I'm also looking forward to DOROTHY MUST DIE by Danielle Paige. I mean, the title is enough to peak anyone's interest (and is this technically a fairy tale? It's definitely a retelling, so I'm going to go with it), but here's what the book is about.

I didn’t ask for any of this. I didn’t ask to be some kind of hero. But when your whole life gets swept up by a tornado—taking you with it—you have no choice but to go along, you know?

Sure, I’ve read the books. I’ve seen the movies. I know the song about the rainbow and the happy little blue birds. But I never expected Oz to look like this. To be a place where Good Witches can’t be trusted, Wicked
Witches may just be the good guys, and winged monkeys can be executed for acts of rebellion. There’s still the yellow brick road, though—but even that’s crumbling.

What happened? Dorothy. They say she found a way to come back to Oz. They say she seized power and the power went to her head. And now no one is safe.

My name is Amy Gumm—and I’m the other girl from Kansas. I’ve been recruited by the Revolutionary Order of the Wicked. I’ve been trained to fight. And I have a mission:

Remove the Tin Woodman’s heart.

Steal the Scarecrow’s brain.

Take the Lion’s courage.

Then and only then—Dorothy must die!

And a friend of mine just sold her Alice in Wonderland retelling too! Be sure to check out her announcement on Facebook and say congratulations!

What fairy tale retellings have you read?? What are you excited for?



Summer Reading Club!

Okay, so we here at the League write books. As authors, we're also rabid readers, and we thought it would be fun to have a Summer Reading Club here at the League! So every Friday this month, we'll be highlighting and recommending amazing speculative fiction novels as part of our Club.

Each week will have a different theme, and we thought the best way to start would be to spotlight the novels we loved as teens.

We hope you'll add these titles to your list of books to read if you haven't already, and we'd love to hear your thoughts on what you loved as a teen in the comments!


Lissa Price's Novel of the Month: The Hobbit by J. R. R. Tolkien
"This enchanted tale captured my imagination and immersed me in another world."


Lenore Appelhans's Recommended Read: Beauty by Sheri Tepper
"Mixing fairy tales with time travel dystopia, Beauty enthralled me as a young teen and introduced me to genre-bending sci-fi."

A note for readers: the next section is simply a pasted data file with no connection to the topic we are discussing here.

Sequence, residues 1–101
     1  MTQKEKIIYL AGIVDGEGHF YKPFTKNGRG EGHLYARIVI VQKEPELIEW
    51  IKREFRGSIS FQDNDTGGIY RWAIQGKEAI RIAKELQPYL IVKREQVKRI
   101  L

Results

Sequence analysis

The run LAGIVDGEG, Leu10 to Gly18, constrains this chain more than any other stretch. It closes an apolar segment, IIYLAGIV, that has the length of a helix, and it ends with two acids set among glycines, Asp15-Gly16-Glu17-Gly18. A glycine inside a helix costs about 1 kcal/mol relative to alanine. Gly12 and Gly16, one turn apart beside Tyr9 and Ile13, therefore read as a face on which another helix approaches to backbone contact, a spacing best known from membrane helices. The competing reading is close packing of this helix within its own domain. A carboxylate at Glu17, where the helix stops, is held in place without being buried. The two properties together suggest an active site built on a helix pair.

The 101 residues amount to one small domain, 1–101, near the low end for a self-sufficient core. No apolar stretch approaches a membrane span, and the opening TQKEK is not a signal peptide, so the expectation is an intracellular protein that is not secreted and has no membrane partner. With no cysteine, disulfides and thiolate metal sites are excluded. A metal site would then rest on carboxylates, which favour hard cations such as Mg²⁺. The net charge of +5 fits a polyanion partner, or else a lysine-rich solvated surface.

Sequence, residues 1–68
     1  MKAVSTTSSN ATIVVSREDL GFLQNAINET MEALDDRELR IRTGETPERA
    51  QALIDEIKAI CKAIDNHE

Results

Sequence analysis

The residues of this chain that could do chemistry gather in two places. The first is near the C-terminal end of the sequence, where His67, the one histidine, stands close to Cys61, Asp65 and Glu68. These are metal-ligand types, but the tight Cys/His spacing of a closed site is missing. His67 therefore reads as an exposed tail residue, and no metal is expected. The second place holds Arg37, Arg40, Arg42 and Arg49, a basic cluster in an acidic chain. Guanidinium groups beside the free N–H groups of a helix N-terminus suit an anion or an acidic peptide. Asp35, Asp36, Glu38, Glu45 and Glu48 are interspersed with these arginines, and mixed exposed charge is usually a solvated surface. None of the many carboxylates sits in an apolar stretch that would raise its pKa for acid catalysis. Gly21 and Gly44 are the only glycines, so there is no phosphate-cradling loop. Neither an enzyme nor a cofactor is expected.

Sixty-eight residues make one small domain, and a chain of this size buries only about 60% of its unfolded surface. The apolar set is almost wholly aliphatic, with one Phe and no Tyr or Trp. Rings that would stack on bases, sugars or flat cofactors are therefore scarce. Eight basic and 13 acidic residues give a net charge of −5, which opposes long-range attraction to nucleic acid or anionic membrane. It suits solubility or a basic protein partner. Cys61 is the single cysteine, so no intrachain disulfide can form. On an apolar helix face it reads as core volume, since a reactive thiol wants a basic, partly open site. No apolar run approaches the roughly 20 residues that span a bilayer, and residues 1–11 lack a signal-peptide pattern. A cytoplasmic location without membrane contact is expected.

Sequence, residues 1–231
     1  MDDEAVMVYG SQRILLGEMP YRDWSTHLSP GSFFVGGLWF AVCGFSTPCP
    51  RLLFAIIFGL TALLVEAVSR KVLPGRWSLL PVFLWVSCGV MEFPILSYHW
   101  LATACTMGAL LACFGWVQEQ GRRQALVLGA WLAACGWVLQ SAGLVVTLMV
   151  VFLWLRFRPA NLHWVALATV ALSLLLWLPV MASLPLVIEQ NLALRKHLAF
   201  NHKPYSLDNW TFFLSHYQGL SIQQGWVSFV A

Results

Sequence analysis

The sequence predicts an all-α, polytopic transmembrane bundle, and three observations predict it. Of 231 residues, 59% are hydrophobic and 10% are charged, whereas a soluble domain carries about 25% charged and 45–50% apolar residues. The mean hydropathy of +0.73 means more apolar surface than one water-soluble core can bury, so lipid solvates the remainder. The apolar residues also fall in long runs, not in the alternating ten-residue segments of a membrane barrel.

Susanne Winnacker's Top Pick: Watchers by Dean Koontz
"As a teen, I devoured everything Koontz had written, and this one featured a super intelligent, genetically engineered dog, which made me love it even more."

Beth Revis's Must-Read: Many Waters by Madeleine L'Engle
"Most people prefer L'Engle's first in the Time Travel Quartet, A Wrinkle in Time, but I always loved Many Waters. It broke my heart while giving me hope at the same time."

Mindy McGinnis's Pick of the Week: Z for Zachariah by Robert C. O'Brien
"A teen girl surviving alone in a post-nuclear world? Yes, please."

Peggy Eddleman's Feature Title: The Dark is Rising by Susan Cooper
"I first read this probably when I was the same age as Will Stanton-- eleven. I was completely drawn in by the prophesied hero who had to save everyone while he was just a kid. It was one of those books that made me think that being a kid didn't mean I couldn't do great things."

Lydia Kang's Most Memorable Read: Chronicles of Prydain by Lloyd Alexander

"I loved that world so much, and seeing Princess Eilonwy and Taran grow so much throughout the series was one of the best parts."

Bethany Hagens Obsession: Tomorrow, When the War Began by John Marsden

"There was something really thrilling about ordinary teens turning into guerrilla fighters, and I loved that it was set in Australia."














What's on your summer reading list??



Space: The Final Frontier

Okay, so that sounds a little Star Trekky, I know. I am a big fan of Star Trek, especially the TV series, The Next Generation. (Most of the others, you know, Deep Space Nine, Voyager, and/or Enterprise, I never did get as into.)

Maybe it was Captain Picard that really spoke to me, or how you can watch any episode in any order and understand the story, but I enjoyed Star Trek: The Next Generation. I know the graphics, and technologies, and special effects aren't as grandiose as today's standards (and the films coming out now!), but it was this series that first sparked my fascination with space travel.

Now, I have yet to pen a space travel novel, but I absolutely love novels set in space. There's something equally exciting and perplexing about being trapped in space. Yes, I view space as a place where I'd be trapped. There's no air out there!